On the afternoon of 26 July, 1959, Lieutenant Colonel Bill Rankin, a veteran Marine pilot from World War II and the Korean Conflict, motored onto the flight line on Naval Air Station, South Weymouth, Massachusetts. He climbed into the cockpit of his Vought F-8 Crusader, a single-engine supersonic Navy Carrier jet. Bill Rankin's mission that day was to test fly the F-8 on a flight from South Weymouth to Marine Corp Air Station, Beaufort, South Carolina.
The F-8 would prove to have a proud history. Capable of flight speeds exceeding 1,000 miles an hour it would later be used on unarmed reconnaissance missions during the Cuban Missile Crisis and would be flown in aerial combat over Vietnam where it would enjoy a 6 to 1 kill ratio.
After takeoff, Bill turned South, and out of the cockpit he could see some pretty serious weather between him and South Carolina. The storm extended up over 45,000 feet but it shouldn't cause a flying problem because Bill would be flying the Crusader at 500 knots at an elevation above 47,000 feet.
But Bill would have a problem that day...a very bad day indeed. At 47,000 feet, and flying at Mach 0.82, Bill heard a boom in the back of the aircraft and the aircraft lost all power. When Bill pulled the handle for auxiliary power the lever came off in his hand. Then, Bill got a fire alarm signally the need to immediately eject...almost certain death at 47,000 feet.
Well, Bill did eject and did so without benefit of pressure suit. He was immediately ejected into -50 degree air temperatures and air pressures that caused his stomach and vital organs to swell up like huge balloons, at which time his capillaries began to explode and he began bleeding out of eyes, ears, nose and mouth. Bill had one tiny thing in his favor; he still had his emergency oxygen supply and managed to strap it on while being buffeted by violent storm winds.
Colonel Rankin free fell for over five minutes as his chute wouldn't open. Then he began to be shunted horizontally across the skies. Still at the very top of the storm system, Bill's canopy finally opened where he was immediately slammed into the canopy itself. At any moment he was fearful that his lines would get entangled for a swift slam down to mother Earth.
Soon Bill was in the very heart of the storm and the rain was so thick, so violent, that he had to force himself not to breathe, lest he drown in a wall of rain squalls. Well the gods thought that wasn't quite enough for old Bill, for as he descended further, hail began to pelt him mercilessly. Then gigantic blue flashes of lightning began to appear all about him. One lightning bolt lit up his parachute and, for a moment, he thought he was making a dramatic appearance into heaven. And the gale force winds began to send Bill spinning and the hail continued to pound him and sent him into violent spasms of vomiting which, alone, might have did him in if the vomit decided to reverse course.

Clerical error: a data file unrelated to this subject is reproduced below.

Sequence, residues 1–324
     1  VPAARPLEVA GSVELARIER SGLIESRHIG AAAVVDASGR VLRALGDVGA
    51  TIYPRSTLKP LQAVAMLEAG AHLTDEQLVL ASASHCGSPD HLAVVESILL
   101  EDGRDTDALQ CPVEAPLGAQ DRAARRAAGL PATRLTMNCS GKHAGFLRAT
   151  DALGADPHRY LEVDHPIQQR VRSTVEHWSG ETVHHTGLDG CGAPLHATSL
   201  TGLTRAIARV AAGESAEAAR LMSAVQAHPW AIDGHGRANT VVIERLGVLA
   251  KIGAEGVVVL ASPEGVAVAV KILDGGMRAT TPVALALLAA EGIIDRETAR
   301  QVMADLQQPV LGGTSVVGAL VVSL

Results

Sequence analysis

Miraculously, Bill Rankin, still alive, descended into the calm over North Carolina. He landed in a tree, managed to free himself from his chute, and take inventory. He had bruises, open welts, frostbite and was suffering from severe decompression. 47 minutes had elapsed since Bill ejected from that F-8 Crusader...47 minutes of everything Mother Nature could throw at him.
Bill was rescued and taken to the nearest hospital where he would spend several weeks recuperating. Surprisingly, Bill suffered no long term medical problems and, within weeks, was back on full duty. Time Magazine put Bill's picture on the cover and his story was a big one. He was the only human in history to survive descending into the bowels of a cumulonimbus storm tower, one of the mightiest storms in nature.
So Bill decided he was a lucky man, and he decided to write a book about his miracle. He titled his book "The Man Who Rode the Thunder". Tough Marine. And you might be pleased to know that this Marine lived to the ripe old age of 89...passed away in 2009, in a far less violent manner than that afternoon long ago when he had a really bad day.
Post Script: I'm ashamed to say that his 22 year Air Force vet did not know this story. I have my cousin Jerry to thank for leading me to some interesting research.